Noel Blencowe says CERES’ present day success was borne of innovation and hard work.
HE Brunswick that a teenage Michael Tortoni moved into back in 1974 was a world apart from the hip, buzzing area with its upmarket restaurants that it is today.
“It was pretty working class and rundown, very multicultural. It wasn’t the sought-after destination that it is now,” he recalls. Up until then, he had been living at home in Braybrook with his parents.
The move to Brunswick was prompted in part because his sister wanted to move out of home and asked him to share a house. It also seemed a good move because by then the 18-year-old Tortoni was playing electric bass in a rock band, Taste that was mainly based in Brunswick. Its drummer Virgil Donati and guitarist Ken Murdock lived in Brunswick and guitarist Joey Amenta lived nearby.
As he shifted into an affordable house in Glenlyon Road, Tortoni could hardly have envisaged that almost 50 years later he would still be helping put Brunswick on the musical map with The JazzLab, the jazz club he owns in Leslie Street – one of the venues for this month’s annual Melbourne International Jazz Festival.
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Tortoni remembers that Brunswick back in the mid-1970s had one quality that it retains today: “It was always very lively with an interesting mix of people”.
At that stage, musicians were drawn to the suburb because of its cheaper accommodation, as were students because it was close to Melbourne University, he says.
He finds it hard to recall if there were many music venues.
“No, not like today. There were pubs and there was a rock pub in Sydney Road that Taste played in. But venues like Howler and The Brunswick Ballroom weren’t around then.”
Taste rehearsed in a house in Whitby street, Brunswick West and later in Donati’s garage. “We were a true garage band,” Tortoni jokes.
The disadvantage of that garage was that Donati’s dad, an organ player, would feel obliged to come out and issue unwelcome musical instructions.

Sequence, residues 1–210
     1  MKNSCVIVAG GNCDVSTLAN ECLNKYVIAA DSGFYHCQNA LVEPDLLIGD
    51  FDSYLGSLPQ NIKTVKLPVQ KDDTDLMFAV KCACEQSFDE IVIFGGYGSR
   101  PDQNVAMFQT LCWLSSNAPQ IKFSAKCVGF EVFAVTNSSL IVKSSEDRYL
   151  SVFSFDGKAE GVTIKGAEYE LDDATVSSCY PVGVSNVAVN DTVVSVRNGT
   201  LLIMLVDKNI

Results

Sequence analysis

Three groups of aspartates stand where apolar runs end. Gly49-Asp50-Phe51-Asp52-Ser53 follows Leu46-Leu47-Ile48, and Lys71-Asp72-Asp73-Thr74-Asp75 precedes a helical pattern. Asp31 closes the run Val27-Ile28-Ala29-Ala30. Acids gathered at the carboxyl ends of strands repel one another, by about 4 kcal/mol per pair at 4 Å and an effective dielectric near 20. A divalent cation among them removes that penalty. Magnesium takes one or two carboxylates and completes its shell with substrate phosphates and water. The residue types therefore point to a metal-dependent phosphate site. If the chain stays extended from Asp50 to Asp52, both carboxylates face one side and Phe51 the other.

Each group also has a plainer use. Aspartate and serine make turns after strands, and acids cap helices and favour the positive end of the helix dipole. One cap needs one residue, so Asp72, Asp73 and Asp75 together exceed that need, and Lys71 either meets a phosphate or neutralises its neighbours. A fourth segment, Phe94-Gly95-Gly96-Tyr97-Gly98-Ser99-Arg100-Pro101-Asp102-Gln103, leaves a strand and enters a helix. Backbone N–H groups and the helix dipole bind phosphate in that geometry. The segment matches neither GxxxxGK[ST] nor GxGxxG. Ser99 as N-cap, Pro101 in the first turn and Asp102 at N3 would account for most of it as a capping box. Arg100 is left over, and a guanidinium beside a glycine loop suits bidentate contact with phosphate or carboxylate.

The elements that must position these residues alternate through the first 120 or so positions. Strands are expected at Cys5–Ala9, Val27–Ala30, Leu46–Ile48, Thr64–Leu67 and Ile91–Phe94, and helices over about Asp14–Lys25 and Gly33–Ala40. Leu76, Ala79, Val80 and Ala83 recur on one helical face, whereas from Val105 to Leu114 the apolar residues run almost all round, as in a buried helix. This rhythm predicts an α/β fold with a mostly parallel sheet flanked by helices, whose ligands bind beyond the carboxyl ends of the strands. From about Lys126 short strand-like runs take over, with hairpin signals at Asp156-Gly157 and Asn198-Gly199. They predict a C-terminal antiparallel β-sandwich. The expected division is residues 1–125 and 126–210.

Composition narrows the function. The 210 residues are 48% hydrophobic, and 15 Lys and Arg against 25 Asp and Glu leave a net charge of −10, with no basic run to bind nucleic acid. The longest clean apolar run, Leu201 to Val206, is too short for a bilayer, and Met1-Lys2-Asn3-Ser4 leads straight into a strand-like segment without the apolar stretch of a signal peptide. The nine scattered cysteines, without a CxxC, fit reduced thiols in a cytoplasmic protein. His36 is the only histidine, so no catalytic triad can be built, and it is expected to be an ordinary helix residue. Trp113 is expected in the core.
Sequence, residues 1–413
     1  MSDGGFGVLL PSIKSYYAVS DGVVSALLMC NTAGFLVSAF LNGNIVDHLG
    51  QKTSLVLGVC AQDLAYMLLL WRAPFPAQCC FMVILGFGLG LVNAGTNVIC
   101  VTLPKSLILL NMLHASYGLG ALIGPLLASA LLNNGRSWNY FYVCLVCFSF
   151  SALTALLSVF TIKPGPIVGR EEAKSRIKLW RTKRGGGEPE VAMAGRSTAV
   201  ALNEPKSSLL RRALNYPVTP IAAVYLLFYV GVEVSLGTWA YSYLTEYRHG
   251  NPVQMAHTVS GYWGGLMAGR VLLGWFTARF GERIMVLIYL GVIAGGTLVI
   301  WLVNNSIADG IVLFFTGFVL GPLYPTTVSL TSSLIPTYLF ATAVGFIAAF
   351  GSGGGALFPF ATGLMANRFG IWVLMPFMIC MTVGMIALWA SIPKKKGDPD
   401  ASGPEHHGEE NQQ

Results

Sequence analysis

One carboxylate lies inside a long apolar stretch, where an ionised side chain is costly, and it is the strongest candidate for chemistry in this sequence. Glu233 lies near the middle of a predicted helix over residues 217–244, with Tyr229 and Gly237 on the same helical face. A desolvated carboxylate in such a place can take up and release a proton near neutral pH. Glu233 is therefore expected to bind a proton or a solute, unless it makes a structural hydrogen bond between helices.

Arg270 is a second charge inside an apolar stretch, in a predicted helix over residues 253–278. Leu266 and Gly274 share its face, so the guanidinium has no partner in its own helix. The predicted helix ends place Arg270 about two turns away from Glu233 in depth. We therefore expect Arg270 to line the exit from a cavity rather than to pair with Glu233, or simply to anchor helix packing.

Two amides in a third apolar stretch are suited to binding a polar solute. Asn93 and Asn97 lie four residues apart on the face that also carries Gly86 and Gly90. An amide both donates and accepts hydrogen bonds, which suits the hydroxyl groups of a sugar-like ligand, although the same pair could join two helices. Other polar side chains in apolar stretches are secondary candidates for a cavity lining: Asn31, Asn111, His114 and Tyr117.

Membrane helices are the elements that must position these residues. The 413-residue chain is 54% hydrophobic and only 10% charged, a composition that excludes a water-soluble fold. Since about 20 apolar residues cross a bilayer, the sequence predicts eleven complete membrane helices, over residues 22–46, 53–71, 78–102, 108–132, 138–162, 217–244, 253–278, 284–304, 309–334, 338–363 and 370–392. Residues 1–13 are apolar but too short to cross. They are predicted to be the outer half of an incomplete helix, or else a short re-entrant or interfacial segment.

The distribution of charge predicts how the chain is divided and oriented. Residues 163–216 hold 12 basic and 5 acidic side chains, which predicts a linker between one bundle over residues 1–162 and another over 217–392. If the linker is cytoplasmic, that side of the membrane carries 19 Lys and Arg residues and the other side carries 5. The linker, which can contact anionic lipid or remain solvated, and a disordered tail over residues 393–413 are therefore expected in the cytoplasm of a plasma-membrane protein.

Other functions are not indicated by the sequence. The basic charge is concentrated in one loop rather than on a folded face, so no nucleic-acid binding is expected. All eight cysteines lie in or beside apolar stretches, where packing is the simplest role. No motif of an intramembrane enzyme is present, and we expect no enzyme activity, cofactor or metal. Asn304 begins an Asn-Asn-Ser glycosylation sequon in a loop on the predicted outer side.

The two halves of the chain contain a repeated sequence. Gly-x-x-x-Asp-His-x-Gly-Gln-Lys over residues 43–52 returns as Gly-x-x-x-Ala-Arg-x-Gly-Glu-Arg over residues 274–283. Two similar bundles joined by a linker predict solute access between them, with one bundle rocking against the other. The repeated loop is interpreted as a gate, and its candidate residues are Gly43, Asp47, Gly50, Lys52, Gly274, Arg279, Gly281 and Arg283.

There were also some complaints from neighbours. “We worked around them. Eventually as we had recording success and we signed to Warner Records, we rehearsed at Wick’s studios in Brunswick.”
Labeled “glam-pop” the band appeared on Countdown and had a number of hit singles. Taste broke up in 1979 but later reformed in 2005 and continues to record and tour.
Taste performing on national television in their mid-1970s heyday, with Michael Tortoni on bass.
Meantime, Tortoni moved on, swapping to the double bass and studying classical music at the Victoria College of the Arts. He also took up jazz. The business astute Tortoni then found a job in a stockbroker’s office to learn about the world of finance and in 1990 bought a run down premise in a back lane off Little Lonsdale Street called Bennetts Lane. He put two years into renovating it and opening it as Bennetts Lane Jazz Club.
Tortoni had stayed living in Brunswick, moving to a property in Austral Avenue. But with the opening of Bennetts Lane, he moved into the rooms above the club for the next 20 years, also playing occasional jazz gigs downstairs. The iconic club was where Prince once famously, dropped by to play a legendary late night set. Lonely Planet dubbed it the world’s best jazz club.
By 2014 Tortoni was feeling jaded and bought a property in Leslie Street, Brunswick, “as a place where I could meditate after my Bennetts Lane experience. I just used that room as therapy, I wasn’t sure if I would open another jazz club”.